Column by BOB REDD
Bluefield Daily Telegraph
Tuesday night’s basketball game at the Brushfork Armory was a special event for Bluefield High School, the greater Bluefield community and for basketball fans throughout the area.
The facility had not hosted a basketball game since the 2000-01 season, and just walking through the glass doors of the building one could see significant changes. The lighting in the arena is outstanding. In the past photographers had to use high-speed film, a flash and hope that the result would not be a blur. Tuesday night I doubt if Jon Bolt even had to break out his flash unit as the court was illuminated in bright light.
After noticing the bright surroundings, one’s eyes were drawn to the floor, regulation size, painted and lettered to let everyone know that it was the home of the Bluefield Beavers, complete with the Beavers logo at center court.
The scoreboards at each end of the floor read “Beavers” and “Panthrs,” not enough space to spell out the entire name of the opponent for the night, but state-of-the-art timing devices, in BHS colors. The two new free-standing baskets completed all that was necessary for a game to take place. My only complaint being that when the clock hit 0:00 a buzzer sounded. A basketball arena needs a horn!
A lot of people and organizations worked hard to make games at the Armory a reality. It is an example of public and private entities coming together for the benefit of the community.
The lower sections of the seating were nearly full and about half of the balcony. That crowd would have been overflow at the Beavers’ previous home at Bluefield State College. There were plenty of parking spaces and the lot cleared quickly following the game.
Sitting in the balcony across from the benches took me back nearly 40 years to when I attended my first basketball game at the Brushfork Armory. It was January of 1973. I was a third grader at Gary Elementary and that year the Gary Coaldiggers were one of West Virginia’s toughest teams.
My brother Bill was fresh out of Marshall and teaching at Crumpler Elementary. That season, before he was drafted into the army, which happened to be around sectional tournament time, we would jump into his little white AMC Rambler and go wherever the Diggers were playing. This particular night we came to the Brushfork Armory to see the Gary’s finest take on the Bluefield Beavers.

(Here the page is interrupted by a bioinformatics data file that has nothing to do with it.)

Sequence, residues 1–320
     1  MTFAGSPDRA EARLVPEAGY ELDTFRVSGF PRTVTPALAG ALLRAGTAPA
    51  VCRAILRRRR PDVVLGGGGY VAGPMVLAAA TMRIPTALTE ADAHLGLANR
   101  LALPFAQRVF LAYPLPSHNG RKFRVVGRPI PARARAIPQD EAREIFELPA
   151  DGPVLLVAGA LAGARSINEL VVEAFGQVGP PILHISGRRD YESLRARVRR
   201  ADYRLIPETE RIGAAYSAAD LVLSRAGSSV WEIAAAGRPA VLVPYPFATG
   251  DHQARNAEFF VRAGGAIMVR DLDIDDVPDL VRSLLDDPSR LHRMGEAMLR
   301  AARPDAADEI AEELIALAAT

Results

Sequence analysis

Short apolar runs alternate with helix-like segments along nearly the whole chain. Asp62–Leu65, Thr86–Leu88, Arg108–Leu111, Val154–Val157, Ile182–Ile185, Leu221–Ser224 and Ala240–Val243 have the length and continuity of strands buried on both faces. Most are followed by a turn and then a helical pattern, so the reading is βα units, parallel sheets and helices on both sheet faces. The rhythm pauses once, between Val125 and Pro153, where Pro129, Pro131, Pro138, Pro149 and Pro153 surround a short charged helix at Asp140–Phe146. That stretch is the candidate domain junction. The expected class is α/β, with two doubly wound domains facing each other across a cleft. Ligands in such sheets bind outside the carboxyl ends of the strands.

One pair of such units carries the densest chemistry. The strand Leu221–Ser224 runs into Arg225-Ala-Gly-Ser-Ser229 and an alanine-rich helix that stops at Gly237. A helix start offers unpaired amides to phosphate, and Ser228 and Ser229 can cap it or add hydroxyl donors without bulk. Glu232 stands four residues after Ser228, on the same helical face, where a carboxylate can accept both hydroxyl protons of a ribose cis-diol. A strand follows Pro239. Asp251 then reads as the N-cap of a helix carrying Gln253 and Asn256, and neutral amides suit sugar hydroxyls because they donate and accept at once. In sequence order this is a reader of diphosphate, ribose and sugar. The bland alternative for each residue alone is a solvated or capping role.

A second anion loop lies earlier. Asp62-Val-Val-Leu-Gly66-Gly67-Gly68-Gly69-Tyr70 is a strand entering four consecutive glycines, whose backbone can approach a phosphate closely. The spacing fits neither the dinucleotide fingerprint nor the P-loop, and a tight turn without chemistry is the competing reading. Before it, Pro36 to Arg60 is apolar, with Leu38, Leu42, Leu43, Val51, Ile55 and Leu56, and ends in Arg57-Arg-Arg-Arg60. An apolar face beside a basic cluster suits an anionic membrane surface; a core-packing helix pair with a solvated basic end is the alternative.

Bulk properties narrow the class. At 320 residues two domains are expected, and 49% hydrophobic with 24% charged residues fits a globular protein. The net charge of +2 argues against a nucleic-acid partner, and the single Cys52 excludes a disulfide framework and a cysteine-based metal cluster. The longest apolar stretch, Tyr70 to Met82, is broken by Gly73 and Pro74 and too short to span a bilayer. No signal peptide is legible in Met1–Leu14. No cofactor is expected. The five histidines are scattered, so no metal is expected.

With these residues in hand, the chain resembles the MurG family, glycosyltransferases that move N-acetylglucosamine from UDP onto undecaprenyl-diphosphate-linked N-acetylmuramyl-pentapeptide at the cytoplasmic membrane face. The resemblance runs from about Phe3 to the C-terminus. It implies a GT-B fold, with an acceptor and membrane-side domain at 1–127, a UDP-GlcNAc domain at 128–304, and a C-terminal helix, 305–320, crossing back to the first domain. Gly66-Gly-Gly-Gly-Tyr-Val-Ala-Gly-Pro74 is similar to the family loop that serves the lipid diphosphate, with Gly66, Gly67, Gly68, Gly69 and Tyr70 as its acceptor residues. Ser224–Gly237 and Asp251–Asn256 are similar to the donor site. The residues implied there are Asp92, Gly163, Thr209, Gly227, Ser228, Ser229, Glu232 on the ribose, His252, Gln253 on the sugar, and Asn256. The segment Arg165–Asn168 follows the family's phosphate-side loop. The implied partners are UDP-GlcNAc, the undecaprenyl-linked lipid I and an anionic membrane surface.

Gary’s starting lineup, I still remember, was John Billups, Sterette Daniels, Paul Hamilton, Ricky Richardson and Eddie Joyce. Can’t say I remember anyone on Bluefield’s team, but as years have come and gone, I know that my friend Chuck Lambert was the coach of the Beavers, and Ergie Smith led Gary.
As I sat in the armory Tuesday night, talking with a couple of friends about the game and other things, my mind often wandered back four decades to that first game I attended there. I am sure there were others in the building who had memories of games, Beaver-Princeton, the four schools that made up PikeView all playing against each other there, the Harlem Globetrotters, the high-scoring Bluefield State teams of the ‘70s, the Northfork dynasty squads from the ‘70s and ‘80s and much more.
Sporting events bring communities together. They create bonds between people from diverse backgrounds. Religion, race, politics and other things that may separate people in day-to-day life are checked at the door when entering a stadium or arena. Rush Limbaugh and I fully agree that the Pittsburgh Steelers were the greatest team of the 1970s!
In Bluefield, the Beavers bring together the people on the West Virginia side of the border and even some on the Virginia side who may have migrated across the state line. Using that spirit of community, wouldn’t it be nice if we could apply that energy and effort to address the issues facing our community?
It’s great to see basketball back at the Brushfork Armory and a new generation capturing the events today as their memories of tomorrow.
Oh, and that game nearly 40 year ago? Gary won and went on to win the state championship that year before Northfork won eight titles in a row.
Bob Redd is a Daily Telegraph sportswriter. Contact him at email@example.com.